Along with his arsenal of knives, his saucing spoon and a trusty fish spatula, Chris Lynch has recently added his cellphone to the list of essential tools in the kitchen at Atchafalaya, the Uptown restaurant where he is executive chef.
In particular, he and his cooks take a little time each day to open Specialus, a new and locally developed app they’ve installed on their phones. They use it to record short videos, usually no more than 20 seconds in duration, that show off the night’s special. Then they post these to a feed on Specialus that’s full of similar direct-from-the-kitchen reports from a small but growing collection of New Orleans restaurants.
“It’s become part of the routine,” Lynch said. “We come up with a special, we tweak it, then make one before service to show the staff so they can explain it to customers. The difference now is we shoot a quick video and put it right out there.”
Lynch’s kitchen has been a proving ground for Specialus because the app was created by Atchafalaya proprietor Tony Tocco.
The idea, Tocco explained, is to give prospective restaurant customers an unfiltered view of restaurants, their personalities and the newly created dishes available around town as they chose a dinner destination.
While many apps and web- sites now vie for the attention of potential diners, Tocco said he conceived Specialus as an industry response to the torrent of aggregated ratings, crowd-sourced rankings and consumer review sites rather than more of the same. The key difference is that Specialus content comes from the restaurants themselves.
“It’s a chance for restaurants to speak clearly and directly to their customers,” Tocco said. “There’s no reviews, no comments, no stars, no ratings. It’s just you and the food in your restaurant. It’s about getting the food and the vibe in one 10- to 40-second video.”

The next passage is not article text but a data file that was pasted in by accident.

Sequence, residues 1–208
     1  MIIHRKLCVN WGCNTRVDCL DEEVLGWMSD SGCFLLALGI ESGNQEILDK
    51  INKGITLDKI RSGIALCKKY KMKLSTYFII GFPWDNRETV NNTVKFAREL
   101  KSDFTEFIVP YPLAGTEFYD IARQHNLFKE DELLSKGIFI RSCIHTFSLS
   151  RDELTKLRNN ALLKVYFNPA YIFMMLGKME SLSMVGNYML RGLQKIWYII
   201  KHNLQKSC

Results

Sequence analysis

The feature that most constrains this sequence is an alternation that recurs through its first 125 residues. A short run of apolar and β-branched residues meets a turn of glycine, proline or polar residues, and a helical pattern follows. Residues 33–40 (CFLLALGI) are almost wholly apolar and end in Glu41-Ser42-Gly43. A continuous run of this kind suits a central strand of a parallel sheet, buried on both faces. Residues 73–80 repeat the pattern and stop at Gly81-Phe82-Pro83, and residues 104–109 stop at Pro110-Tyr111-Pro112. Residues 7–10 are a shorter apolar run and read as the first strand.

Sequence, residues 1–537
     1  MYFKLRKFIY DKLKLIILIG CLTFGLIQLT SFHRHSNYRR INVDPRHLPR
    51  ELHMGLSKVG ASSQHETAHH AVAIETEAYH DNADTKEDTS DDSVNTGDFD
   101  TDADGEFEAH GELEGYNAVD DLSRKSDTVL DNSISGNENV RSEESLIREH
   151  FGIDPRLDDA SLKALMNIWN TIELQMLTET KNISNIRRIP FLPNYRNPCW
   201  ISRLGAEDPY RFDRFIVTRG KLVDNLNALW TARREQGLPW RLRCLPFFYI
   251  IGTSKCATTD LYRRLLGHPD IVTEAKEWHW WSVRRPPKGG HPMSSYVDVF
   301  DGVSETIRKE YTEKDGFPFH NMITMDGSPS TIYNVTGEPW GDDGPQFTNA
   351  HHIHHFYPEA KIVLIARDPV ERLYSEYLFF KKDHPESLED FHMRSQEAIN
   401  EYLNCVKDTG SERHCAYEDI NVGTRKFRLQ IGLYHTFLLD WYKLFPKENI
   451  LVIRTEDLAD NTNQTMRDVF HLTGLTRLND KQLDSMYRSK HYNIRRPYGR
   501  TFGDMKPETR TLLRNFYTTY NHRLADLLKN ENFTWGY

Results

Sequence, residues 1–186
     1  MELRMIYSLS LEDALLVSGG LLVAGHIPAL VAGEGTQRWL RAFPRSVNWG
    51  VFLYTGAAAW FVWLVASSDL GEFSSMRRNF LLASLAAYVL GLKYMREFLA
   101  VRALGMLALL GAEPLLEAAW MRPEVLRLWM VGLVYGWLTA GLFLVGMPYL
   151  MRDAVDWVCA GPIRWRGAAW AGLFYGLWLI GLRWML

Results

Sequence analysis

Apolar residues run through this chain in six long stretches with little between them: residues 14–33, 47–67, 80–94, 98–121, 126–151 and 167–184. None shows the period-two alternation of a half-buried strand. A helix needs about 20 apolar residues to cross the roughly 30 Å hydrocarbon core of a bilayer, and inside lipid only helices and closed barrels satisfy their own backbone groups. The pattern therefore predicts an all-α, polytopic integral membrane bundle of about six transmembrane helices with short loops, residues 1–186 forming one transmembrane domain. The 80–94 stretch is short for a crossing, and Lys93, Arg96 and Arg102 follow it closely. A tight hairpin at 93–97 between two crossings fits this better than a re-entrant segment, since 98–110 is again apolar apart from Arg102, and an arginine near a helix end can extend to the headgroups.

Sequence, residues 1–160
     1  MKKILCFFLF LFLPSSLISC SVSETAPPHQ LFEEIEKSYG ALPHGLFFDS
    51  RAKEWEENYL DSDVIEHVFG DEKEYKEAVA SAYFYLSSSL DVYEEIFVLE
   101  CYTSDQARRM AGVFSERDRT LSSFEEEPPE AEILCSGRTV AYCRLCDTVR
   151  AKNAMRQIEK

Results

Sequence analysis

Tocco took inspiration from “pre-meal,” the restaurant staff meeting before service when a chef and staff gather to discuss specials and the game plan for the day. The name stems from industry parlance for sending a special dish to a table.
“It uses special as a verb, like when you send a special to a table,” Tocco said. “You’re specialing them, so the idea is ‘special us.’”
Tocco, 48, is new to tech ventures but a veteran of the local restaurant business. A native of St. Louis, Missouri, he came to New Orleans in 1984 to study theater at Tulane University. He worked as a waiter at some of the highest-profile new restaurants of the 1990s, including Upperline, Bayona and Gautreau’s. He later opened the Uptown dive bar Snake & Jake’s Christmas Club with business partner Dave Clements, and the two also opened the Circle Bar with the late Kelly Keller.
He sold his interests in those businesses and in 2008 bought Atchafalaya (then called Café Atchafalaya). The restaurant had been in business for decades under a string of different owners, and Tocco was eager to rebrand it as his own. But the going wasn’t easy in the beginning. Outdated consumer ratings lingered on review sites, and while he used the popular social media channels he felt he had to fight through lots of other content to reach restaurant customers.